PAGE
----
If you’re planning on adding some furniture to your porch or outdoors, Chris Marshall explains your options and shows what he used on his mahogany porch swing project.
- What do I want the finished look of the wood to be?
- How durable does the finish need to be?
- Is it compatible with the wood I’m using, or with stain I’m planning to use?
- And, can I apply the finish successfully with the skills I have?
CM: Well, when I was choosing a finish for this mahogany porch swing project, I had to ask myself these kinds of questions to land on the best exterior finish for the job. And, I knew I wanted to use a commonly available, home center option. If you haven’t finished many outdoor projects, I thought it might be helpful to share some of those home center options for exterior finishes, and my thoughts about choosing one of them for this particular project.
CM: Let’s take a look at the typical home center exterior wood finishes. Here, I’ve got a scrap piece of the same mahogany I used for the swing with these finish options applied to it, so you can see what the result looks like. First off, there’s good old paint. It’s easy to apply, it’s very durable and obviously, comes in every color under the rainbow. And these days, many exterior paints include primer mixed right into the paint for one-coat coverage. It’s very convenient, because one coat on bare wood, and you’re done!
CM: Now, I know there are some woodworkers who cringe at the thought of painting a hand-made woodworking project, but sometimes paint is the right choice. Take this Adirondack chair, for instance. I built it about a year ago for our magazine. It’s made of cypress, and the color of the wood was all over the map, so I was fine with hiding it. And, Adirondack chairs are often painted in fun, bright colors, so paint was totally appropriate here. It’s wearing really well. Even after a year in the full sun, it looks just about as good as the day it left the shop. But for this mahogany, which has a grain pattern that’s way too pretty to hide, painting it would have been a shame. So, paint wasn’t an option.
CM: Next down the line, I could have chosen one of these two mostly clear home-center finishes, which are actually very different. This one is a wood and deck sealer, and this one is spar varnish. Deck sealers are a combination of chemicals and oils with UV inhibitors and mildewcides blended in. Clear versions don’t color the wood very much, but they do help to keep it from turning gray too quickly and they’re easy to apply by just flooding it on and letting it dry. But if you’ve got a deck, you know that you have to keep up with deck sealers because the finish doesn’t last very long. For a project in full sun, you might only get a couple of seasons before the wood starts to look dry again. I wanted something longer-lasting.
CM: Spar varnish, this other clear finish, is another option you may have seen at the home center. Spar varnish can be a great choice for exterior projects. Boat-builders have relied on it for many decades. It seals wood inside a film coating to keep water out and to help block UV rays. And it’s formulated to be more flexible than other varnishes so it can expand and contract with the wood as the humidity and temperature changes. That’s really important for any exterior wood finish: it has to move with the wood. But even though spar varnish is durable and easy to apply, I didn’t want a shiny, coated interior looking surface for this project. I wanted the wood to look as natural as possible.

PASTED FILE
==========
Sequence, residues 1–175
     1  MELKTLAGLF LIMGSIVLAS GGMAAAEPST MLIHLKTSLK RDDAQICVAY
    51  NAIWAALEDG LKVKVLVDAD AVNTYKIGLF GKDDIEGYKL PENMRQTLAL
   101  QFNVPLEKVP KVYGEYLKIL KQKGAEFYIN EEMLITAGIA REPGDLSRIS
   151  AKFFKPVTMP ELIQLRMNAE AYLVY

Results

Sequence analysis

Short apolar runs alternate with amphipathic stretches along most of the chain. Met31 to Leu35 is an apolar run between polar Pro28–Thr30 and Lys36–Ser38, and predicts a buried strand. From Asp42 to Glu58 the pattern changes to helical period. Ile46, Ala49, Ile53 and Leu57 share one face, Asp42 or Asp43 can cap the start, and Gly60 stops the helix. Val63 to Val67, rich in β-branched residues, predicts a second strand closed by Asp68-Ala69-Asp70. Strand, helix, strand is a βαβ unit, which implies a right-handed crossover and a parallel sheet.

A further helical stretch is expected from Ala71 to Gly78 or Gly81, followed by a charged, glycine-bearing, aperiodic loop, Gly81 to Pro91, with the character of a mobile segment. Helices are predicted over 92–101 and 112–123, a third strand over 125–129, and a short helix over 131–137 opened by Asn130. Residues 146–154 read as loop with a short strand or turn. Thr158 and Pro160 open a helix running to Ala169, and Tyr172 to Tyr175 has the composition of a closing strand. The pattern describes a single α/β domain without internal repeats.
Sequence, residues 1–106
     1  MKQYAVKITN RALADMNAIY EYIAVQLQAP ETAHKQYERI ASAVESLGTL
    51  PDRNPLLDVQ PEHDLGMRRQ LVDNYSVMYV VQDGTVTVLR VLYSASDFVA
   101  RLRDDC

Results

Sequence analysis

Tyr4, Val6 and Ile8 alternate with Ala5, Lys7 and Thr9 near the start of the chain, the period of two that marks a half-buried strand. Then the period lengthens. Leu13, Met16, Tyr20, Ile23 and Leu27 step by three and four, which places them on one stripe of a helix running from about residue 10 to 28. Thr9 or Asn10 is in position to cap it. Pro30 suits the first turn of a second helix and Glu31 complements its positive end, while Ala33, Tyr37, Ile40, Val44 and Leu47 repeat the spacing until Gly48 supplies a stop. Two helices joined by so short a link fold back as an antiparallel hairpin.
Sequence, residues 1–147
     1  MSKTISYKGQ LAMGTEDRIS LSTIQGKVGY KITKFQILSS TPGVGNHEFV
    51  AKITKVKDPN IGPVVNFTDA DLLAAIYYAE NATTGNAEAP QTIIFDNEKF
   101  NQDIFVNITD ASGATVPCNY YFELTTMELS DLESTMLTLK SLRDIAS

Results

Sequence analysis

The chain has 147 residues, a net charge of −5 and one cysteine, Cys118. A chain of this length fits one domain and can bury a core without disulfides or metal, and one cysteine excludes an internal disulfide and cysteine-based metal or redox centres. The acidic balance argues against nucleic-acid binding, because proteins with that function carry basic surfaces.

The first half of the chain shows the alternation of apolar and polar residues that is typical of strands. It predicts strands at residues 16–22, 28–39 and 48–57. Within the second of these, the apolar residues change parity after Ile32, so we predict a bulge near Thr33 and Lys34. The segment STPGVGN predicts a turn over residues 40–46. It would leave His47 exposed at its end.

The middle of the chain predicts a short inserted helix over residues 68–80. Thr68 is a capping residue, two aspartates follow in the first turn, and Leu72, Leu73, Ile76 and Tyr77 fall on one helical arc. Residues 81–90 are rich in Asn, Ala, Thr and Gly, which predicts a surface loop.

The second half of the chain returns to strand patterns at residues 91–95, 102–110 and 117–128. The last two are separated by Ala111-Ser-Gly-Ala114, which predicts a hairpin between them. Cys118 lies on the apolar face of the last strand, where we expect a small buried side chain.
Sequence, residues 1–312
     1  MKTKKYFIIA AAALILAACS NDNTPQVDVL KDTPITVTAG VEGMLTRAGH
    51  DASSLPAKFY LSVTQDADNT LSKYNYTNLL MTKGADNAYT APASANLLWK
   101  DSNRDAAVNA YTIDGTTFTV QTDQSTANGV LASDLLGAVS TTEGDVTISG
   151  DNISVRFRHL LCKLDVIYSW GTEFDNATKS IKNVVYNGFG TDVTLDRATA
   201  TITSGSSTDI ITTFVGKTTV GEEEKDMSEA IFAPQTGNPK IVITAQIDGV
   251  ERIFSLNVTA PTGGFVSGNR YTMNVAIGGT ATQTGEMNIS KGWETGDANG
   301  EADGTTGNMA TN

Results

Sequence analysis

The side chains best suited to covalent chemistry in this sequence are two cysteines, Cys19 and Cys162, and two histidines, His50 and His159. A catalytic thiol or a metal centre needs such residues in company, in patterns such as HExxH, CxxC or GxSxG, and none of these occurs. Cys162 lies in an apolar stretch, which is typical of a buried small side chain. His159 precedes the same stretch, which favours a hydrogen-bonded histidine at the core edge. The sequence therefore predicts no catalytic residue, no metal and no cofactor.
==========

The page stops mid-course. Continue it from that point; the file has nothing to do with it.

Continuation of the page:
CM: So that led me to the exterior stains aisle at my home center, and I think exterior wood stains have a lot of upsides. They come in lots of attractive wood-tone colors. They’re easy to apply: just flood it on, let it soak in and wipe off the excess. Exterior stains have UV inhibitors to keep the wood from turning gray. And, they soak into the wood fibers to offer reasonably long projection — especially if a project is in partial to full shade, like on a covered porch. They’re a nice “close to the wood” finish.
CM: With exterior stains, you have to make some choices. First, how much do you want to hide the wood grain? There are solid-color stains like this, which totally hide the wood’s natural grain. They actually perform more like a thinned paint than a typical stain. And, if a solid-color stain fails, I’ve found that it can peel just like paint. Then, there are transparent stains, like this. They color the wood but without hiding the wood grain. They’re also thinner than solid-color stains, so they soak in better and won’t peel off.
CM: BINGO! For this mahogany porch swing, I chose a semi-transparent exterior wood stain. I also went with an oil-based formulation instead of a water-based stain. And here’s why I did that: with all the slats, nooks and crannies on this project, I didn’t want the stain to dry too quickly and end up looking blotchy and inconsistent. That can happen with water-based stains. Oil-based varnishes dry much more slowly so you can flood it on to the entire project, let it soak in and wipe off the excess for a more consistent look. And when the time comes for me to refinish this swing — and it will! — all I need to do to refinish it will be to clean the wood apply more stain. Simple.
CM: Now, an oil-based exterior stain might not be the best choice for your outdoor project. Maybe you want a more vibrant color, no color at all, or you just love the look of shiny, varnished wood. Hey, it’s all good! But, I think it’s important to know what your outdoor finish options are, along with their strengths and weaknesses. Then, choose the one that suits YOUR tastes and project best. I hope this video has helped you see my thought process for this project, so it’s useful when you’re choosing an outdoor finish, too. Thanks for watching!